“There is another who testifies about me, and I know the testimony he testifies about me is true. You have sent to John, and he has testified to the truth”. “He was a lamp that was burning and shining, and you wanted to rejoice greatly for a short time in his light.”
And then that’s pretty much it. After this chapter, John’s name is mentioned just twice more in chapter 10, as ever with primary regard to Jesus.
Strange, huh? Just like that, he’s gone, with a slight twist of a sentence.
There are good grounds for assuming that Matthew is writing later than Mark (Hurtado puts Mark around 65 AD), and Luke and Acts. For everyone, both John and Jesus were executed decades before. It is generally acknowledged that of the three synoptic gospels, Matthew displays the greatest amount of theological shaping and reordering of material. He will go to considerable lengths to show Torah fulfilment (like having Jesus sitting on two donkeys, which was Matthew’s total misreading of Zechariah 9:9), eschatological fireworks of dozens of resurrections (that everyone else forgot) just after Jesus’ death, and a whole host of things.
However, although Matthew plays it loose, we also get to have his version of the baptismal formula, so all is forgiven! But we remember that he is all about making connections happen. He does it thematically, he does it prophetically from the past and into the future, and he sure makes certain that Mark and Luke’s efforts to connect and distinguish John and Jesus are as explicit as possible. Of course, Matthew’s method, however artificial it may sometimes appear, does not detract from the possibility that John was genuinely and even naturally held by the early emerging Christian communities to be such a great predecessor to Christ, that their deaths would be presumed the same ordering as their overlapping ministries: John first, then Jesus.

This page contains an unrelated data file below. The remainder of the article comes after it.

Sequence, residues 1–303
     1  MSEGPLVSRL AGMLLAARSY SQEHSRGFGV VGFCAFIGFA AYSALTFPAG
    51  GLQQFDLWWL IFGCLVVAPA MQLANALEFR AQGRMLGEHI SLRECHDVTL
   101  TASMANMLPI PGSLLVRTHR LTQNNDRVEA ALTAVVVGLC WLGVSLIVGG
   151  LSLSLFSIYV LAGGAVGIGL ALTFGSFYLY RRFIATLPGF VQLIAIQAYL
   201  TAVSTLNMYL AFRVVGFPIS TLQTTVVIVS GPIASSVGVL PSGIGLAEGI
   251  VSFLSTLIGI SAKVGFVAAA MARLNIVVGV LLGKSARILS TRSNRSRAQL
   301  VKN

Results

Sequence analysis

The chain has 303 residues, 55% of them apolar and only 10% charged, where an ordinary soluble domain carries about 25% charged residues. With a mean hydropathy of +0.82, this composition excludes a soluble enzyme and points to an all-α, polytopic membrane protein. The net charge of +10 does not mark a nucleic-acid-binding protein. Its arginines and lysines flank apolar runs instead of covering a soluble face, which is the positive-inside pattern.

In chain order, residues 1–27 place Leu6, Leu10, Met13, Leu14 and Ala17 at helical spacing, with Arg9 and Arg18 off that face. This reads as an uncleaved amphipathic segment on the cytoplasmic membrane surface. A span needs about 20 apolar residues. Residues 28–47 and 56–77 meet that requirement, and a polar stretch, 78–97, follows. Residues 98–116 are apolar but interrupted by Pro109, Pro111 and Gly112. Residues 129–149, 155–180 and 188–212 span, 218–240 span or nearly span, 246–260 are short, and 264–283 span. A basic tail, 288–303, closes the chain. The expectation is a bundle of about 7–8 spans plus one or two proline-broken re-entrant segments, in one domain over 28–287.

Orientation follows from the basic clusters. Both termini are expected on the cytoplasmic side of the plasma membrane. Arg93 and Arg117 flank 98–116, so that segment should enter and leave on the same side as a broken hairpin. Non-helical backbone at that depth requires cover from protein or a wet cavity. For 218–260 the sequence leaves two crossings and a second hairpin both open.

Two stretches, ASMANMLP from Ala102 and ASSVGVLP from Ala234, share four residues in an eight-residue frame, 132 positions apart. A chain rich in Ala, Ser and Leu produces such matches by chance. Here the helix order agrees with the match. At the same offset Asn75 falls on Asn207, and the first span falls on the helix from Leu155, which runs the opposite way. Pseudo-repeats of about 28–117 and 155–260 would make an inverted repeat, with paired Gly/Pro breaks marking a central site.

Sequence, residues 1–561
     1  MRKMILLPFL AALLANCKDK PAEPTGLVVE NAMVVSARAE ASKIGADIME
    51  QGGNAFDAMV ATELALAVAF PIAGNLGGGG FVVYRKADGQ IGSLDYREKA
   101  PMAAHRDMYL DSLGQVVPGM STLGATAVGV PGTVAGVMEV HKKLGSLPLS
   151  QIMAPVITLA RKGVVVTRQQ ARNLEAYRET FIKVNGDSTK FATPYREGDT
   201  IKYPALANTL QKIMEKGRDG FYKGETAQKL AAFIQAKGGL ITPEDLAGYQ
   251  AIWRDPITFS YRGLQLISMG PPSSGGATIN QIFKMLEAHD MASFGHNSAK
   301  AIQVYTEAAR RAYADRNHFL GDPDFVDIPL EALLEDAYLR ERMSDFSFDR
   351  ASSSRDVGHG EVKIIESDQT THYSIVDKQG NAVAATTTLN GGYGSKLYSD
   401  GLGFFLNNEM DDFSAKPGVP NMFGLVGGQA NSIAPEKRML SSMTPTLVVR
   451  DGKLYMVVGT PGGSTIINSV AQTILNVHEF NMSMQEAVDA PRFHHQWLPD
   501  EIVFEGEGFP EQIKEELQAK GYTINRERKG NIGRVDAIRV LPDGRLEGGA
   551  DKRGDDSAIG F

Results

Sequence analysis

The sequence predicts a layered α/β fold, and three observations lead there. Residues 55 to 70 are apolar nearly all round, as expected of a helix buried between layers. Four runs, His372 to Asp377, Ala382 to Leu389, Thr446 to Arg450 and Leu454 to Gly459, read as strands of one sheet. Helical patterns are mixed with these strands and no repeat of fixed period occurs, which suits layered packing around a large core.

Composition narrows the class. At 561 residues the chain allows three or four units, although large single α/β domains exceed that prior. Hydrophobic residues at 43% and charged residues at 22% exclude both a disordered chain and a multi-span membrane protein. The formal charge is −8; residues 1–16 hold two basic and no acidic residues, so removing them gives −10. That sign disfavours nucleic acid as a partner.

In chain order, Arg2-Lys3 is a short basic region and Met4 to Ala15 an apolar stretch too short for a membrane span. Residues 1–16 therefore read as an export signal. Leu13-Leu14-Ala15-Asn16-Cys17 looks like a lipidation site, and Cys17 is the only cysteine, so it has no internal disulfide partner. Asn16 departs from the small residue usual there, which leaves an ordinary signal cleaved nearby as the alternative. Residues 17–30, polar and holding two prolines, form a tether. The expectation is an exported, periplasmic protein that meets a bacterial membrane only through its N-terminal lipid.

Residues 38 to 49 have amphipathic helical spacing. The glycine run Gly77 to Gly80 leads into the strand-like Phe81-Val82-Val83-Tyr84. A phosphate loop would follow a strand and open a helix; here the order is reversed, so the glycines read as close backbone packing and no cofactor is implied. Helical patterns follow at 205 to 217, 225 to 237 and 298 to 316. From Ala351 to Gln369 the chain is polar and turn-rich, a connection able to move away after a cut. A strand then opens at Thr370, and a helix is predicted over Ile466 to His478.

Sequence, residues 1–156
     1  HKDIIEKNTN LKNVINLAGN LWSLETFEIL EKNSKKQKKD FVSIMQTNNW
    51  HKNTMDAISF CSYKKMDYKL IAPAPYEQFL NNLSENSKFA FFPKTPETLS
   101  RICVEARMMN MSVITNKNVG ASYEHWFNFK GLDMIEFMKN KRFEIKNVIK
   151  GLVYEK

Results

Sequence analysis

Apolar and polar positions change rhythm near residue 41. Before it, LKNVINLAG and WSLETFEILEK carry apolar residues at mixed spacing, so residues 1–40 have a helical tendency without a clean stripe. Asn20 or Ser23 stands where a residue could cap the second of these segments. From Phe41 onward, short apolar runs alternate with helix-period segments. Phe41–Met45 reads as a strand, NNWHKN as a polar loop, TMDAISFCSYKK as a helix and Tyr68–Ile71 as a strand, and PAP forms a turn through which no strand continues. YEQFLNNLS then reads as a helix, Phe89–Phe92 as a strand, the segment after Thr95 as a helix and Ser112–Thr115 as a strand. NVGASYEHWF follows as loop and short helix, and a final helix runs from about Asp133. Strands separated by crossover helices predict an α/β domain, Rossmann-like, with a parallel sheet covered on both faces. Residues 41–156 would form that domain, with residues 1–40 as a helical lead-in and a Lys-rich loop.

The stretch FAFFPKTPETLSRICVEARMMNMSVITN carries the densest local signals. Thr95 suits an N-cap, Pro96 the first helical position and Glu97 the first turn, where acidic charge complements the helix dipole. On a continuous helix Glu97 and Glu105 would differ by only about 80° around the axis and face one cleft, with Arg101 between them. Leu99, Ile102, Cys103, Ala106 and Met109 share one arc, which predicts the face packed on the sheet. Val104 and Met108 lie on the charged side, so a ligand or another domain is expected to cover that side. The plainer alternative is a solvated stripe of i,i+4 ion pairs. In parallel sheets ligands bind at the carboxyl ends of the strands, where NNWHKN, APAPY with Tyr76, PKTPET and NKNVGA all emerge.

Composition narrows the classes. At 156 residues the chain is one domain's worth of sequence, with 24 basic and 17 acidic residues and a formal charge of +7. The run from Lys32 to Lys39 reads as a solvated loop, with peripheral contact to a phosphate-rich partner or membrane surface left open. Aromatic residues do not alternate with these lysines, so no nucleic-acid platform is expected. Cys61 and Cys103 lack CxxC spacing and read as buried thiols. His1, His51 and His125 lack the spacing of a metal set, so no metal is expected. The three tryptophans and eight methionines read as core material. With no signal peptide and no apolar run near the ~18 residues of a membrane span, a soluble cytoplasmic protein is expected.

Some of those emerging communities may have vacuumed up some of the remaining John-movement communities that continued to function decades after his demise, which, given the consensus that (the great-but-humble) John had vouched for Jesus as the Messiah, could only have fuelled the Jesus movement.
But let's not run away from the awkward bit. So what are our choices? Firstly, if this really matters to you, then you should really read a specialist on Josephus, there will be plenty of resources there on such a significant historian, and check the difficulty of John’s death dating is substantial. If it really does seem quite likely, then I think you are basically left with two options, but conservatives won’t like either (obviously).
Firstly, you could simply accept the logical flow I presented above that was integrated by Mark and followed and clarified by Luke then Matthew (and virtually ignored by John). This would mean that in reality, at Jesus’ crucifixion, John was either:
1. Still in prison
2. Not yet in prison, ministering.
If pushed, I would prefer 1. That gives Jesus the space to attract the crowds and attention without competing against John. A long prison stay is not something I have heard discussed before, but this might be because neither Josephus nor the gospel writers imply it. Thinking about 2., I just can’t see it, although I guess it would have to remain a possibility, given the strong evidence of godly humility at the heart of both movements.
Oh yes, there is a third possibility: simply something else happened that we'll never know!